“Each new house is another experimental stepping stone toward the use of the sun as a fuel resource.”
Born in Hungary, Mária Telkes (1900–1995) immigrated to the United States in 1925 after completing her PhD in physical chemistry. She was nicknamed the “Sun Queen” for her work on solar energy, inventing solar stoves and a solar-powered distiller to desalinate sea water. In the 1940s, she worked with architect Eleanor Raymond on a solar-heated house. Photovoltaic panels were still experimental, so the house was built with large windows backed with black metal sheets. Sunlight heated the sheets and fans circulated the warmed air around bins filled with a chemical salt. The salt melted and stored heat until the temperature around the bins cooled. Then the salt recrystallized, slowly releasing the absorbed heat.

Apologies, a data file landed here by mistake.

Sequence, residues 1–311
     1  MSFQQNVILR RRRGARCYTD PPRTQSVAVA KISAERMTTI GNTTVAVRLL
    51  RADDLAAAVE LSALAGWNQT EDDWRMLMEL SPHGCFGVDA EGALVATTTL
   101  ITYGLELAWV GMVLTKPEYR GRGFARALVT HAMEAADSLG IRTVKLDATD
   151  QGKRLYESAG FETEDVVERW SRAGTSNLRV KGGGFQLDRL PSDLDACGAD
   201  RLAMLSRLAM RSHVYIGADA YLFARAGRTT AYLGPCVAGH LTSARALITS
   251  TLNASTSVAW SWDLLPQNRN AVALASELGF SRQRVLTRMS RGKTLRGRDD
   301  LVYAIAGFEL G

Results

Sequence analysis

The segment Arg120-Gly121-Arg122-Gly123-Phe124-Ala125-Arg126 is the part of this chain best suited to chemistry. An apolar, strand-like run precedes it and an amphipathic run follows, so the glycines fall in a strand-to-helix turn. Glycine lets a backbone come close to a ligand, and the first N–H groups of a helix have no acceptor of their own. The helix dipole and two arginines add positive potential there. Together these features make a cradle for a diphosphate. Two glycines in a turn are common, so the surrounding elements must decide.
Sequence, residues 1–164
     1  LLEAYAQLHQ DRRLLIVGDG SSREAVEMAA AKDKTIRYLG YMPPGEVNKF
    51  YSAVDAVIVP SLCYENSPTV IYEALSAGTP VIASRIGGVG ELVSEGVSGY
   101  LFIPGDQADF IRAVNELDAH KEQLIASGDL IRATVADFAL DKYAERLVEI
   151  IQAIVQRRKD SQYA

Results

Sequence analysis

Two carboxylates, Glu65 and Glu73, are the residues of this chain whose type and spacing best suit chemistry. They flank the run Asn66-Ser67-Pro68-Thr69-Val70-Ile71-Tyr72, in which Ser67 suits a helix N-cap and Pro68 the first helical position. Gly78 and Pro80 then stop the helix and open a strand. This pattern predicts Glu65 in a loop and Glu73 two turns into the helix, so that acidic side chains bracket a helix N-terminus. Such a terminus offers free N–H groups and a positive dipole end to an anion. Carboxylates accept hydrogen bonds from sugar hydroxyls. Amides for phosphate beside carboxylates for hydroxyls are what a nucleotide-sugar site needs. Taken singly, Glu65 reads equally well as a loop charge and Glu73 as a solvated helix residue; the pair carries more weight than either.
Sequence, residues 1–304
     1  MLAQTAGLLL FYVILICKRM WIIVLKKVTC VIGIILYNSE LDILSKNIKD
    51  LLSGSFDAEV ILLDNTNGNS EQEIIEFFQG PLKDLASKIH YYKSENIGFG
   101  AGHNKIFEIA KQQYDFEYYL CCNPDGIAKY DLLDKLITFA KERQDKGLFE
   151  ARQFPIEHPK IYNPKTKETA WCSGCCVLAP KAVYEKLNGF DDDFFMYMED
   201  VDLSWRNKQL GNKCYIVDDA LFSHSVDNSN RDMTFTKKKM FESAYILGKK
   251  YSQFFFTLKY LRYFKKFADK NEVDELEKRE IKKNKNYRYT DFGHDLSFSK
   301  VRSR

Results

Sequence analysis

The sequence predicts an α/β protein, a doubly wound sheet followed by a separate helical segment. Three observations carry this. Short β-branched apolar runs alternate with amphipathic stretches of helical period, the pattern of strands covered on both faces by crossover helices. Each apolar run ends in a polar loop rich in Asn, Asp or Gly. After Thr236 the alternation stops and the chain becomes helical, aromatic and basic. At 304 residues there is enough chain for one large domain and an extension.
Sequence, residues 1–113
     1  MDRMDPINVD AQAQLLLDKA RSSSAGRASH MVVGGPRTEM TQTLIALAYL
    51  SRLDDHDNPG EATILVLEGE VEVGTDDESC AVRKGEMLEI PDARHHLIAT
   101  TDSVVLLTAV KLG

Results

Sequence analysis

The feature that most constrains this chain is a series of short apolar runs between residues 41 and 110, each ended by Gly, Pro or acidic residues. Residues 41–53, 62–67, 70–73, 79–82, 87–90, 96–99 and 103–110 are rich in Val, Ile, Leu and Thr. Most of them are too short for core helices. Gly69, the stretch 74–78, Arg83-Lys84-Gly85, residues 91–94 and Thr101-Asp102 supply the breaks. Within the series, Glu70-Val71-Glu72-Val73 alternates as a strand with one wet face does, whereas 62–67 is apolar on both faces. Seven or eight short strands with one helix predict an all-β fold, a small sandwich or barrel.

Source for quote above: Quoted in “The House of the Day After Tomorrow,” MIT Technology Review, https://www.technologyreview.com/2010/06/22/202508/the-house-of-the-day-after-tomorrow/.